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For decades State and Federal Courts throughout the United States have been robotically applying one set of evidence rules to foreclosure cases and another set of evidence rules to all other civil cases.
Those who have been listening to our radio show know why, because the Courts until recently have applied the traditional mortgage lending model of the neighborhood banker, oblivious to how the hidden secondary securitized trust banking system works.
But that is becoming no longer the situation in many Courts, as Courts are starting to ask what we have referred to on past shows as retired Hawai’i Kona Judge Ronald Ibarra’s threshold question “How Does He Know?” when confronted with a foreclosing plaintiff’s “evidence” in support of foreclosure.
Courts are designed to sort out the true facts of each dispute and apply the law accordingly. Each side presents its “facts” in the form of testimony and documents, and the trier of facts, which in foreclosure cases is the Judge, decides.
Thanks to the adoption by many Courts of (1) the “Standing at Inception” Rule now requiring proof of possession of the promissory note and the right to enforce it at the time a foreclosure lawsuit is filed, and (2) new scrutiny of a foreclosing plaintiff’s firsthand evidence supporting its burden of proof as to loan default and standing, homeowners have been increasingly prevailing in foreclosure cases by challenging a foreclosing plaintiff’s evidence.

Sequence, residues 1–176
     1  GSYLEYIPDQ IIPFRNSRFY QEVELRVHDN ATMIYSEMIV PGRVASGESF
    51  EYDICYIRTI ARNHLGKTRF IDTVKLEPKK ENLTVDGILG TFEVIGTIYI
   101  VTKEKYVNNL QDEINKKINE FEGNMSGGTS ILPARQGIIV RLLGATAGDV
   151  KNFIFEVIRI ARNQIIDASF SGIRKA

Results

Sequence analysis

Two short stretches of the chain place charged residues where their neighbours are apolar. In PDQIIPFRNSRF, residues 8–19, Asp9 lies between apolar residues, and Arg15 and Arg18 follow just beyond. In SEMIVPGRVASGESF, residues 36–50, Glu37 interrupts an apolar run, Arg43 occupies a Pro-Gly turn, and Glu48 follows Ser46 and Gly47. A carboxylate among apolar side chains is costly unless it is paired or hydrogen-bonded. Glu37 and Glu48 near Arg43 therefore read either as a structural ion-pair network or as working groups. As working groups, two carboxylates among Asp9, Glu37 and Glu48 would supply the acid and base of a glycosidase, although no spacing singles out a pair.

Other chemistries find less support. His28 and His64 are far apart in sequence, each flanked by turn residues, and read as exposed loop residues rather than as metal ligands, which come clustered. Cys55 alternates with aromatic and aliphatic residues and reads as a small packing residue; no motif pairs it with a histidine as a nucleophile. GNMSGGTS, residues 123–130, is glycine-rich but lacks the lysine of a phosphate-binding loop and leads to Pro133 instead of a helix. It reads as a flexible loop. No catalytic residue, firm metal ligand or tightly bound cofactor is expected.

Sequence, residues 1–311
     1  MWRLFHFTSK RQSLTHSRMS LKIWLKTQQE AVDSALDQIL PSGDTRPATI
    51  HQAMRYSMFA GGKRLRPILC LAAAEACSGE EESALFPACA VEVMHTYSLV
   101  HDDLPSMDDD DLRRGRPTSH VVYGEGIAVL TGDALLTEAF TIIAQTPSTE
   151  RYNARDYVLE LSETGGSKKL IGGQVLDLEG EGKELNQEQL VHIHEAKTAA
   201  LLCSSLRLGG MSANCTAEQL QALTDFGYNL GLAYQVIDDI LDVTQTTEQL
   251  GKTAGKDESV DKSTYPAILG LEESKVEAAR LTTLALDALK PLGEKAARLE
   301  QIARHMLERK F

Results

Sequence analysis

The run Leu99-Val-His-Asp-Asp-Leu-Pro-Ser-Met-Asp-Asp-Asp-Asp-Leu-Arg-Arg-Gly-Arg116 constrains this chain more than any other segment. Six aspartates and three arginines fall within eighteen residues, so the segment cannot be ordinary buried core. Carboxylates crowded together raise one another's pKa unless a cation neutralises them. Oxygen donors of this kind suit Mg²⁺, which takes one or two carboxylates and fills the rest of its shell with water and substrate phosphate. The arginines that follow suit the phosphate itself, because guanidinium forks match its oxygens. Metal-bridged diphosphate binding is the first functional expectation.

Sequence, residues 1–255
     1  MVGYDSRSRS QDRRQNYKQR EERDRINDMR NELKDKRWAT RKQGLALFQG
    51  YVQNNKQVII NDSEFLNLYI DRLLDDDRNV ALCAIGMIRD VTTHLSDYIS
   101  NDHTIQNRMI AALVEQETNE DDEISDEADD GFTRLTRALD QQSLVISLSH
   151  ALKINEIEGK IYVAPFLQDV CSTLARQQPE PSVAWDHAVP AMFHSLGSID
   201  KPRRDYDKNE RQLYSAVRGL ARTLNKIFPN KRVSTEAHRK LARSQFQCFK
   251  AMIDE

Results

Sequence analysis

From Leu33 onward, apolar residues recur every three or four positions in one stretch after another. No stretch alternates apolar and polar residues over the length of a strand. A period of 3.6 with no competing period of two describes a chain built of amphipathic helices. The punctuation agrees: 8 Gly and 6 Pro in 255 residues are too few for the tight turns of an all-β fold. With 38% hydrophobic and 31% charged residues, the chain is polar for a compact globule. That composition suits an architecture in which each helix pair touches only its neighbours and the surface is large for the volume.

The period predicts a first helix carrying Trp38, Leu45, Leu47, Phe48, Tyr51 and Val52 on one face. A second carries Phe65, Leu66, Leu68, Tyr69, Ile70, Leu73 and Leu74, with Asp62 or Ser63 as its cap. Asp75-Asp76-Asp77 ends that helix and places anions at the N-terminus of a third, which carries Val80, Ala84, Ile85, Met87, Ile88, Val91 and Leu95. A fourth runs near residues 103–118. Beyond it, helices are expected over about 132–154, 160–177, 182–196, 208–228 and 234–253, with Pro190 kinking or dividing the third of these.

In Hawaii, for instance, those highly beneficial checks on foreclosing plaintiff’s false evidence attempting to support its right to foreclose are known as the Reyes-Toledo and the Mattos evidentiary rules, and any new listeners unfamiliar with those decisions of the Hawaii Supreme Court should listen to those past broadcasts found on our website at www.foreclosurehour.com.
Yet, as could be expected, foreclosure attorneys are now responding by attempting to misrepresent other rules of evidence to our Courts to justify nevertheless getting around their new Reyes-Toledo and Mattos evidentiary responsibilities.
On today’s show, time permitting, we examine the following ten ways in which foreclosing attorneys are now seeking to sidestep Reyes-Toledo and Mattos requirements and how you can effectively counter them by understanding how these ten evidentiary traps, as it were, can be avoided and exposed in court in the context of securitization:
- The Verified Complaint Trap;
- The Judicial Notice Trap;
- The Qualified Witness Trap;
- The Custodian of Records Trap;
- The Self-Authentication Trap;
- The Real Party in Interest Trap;
- The Negotiable Instrument Trap;
- The Attorney Witness Trap;
- The Mortgage Follows the Note Trap; and 10. The Securitized Trust Standing Trap.
Gary Victor Dubin
Dubin Law Offices
Suite 3100, Harbor Court
55 Merchant Street
Honolulu, Hawaii 96813
Office: (808) 537-2300
Cellular: (808) 392-9191
Facsimile: (808) 523-7733
Licensed in California and Hawaii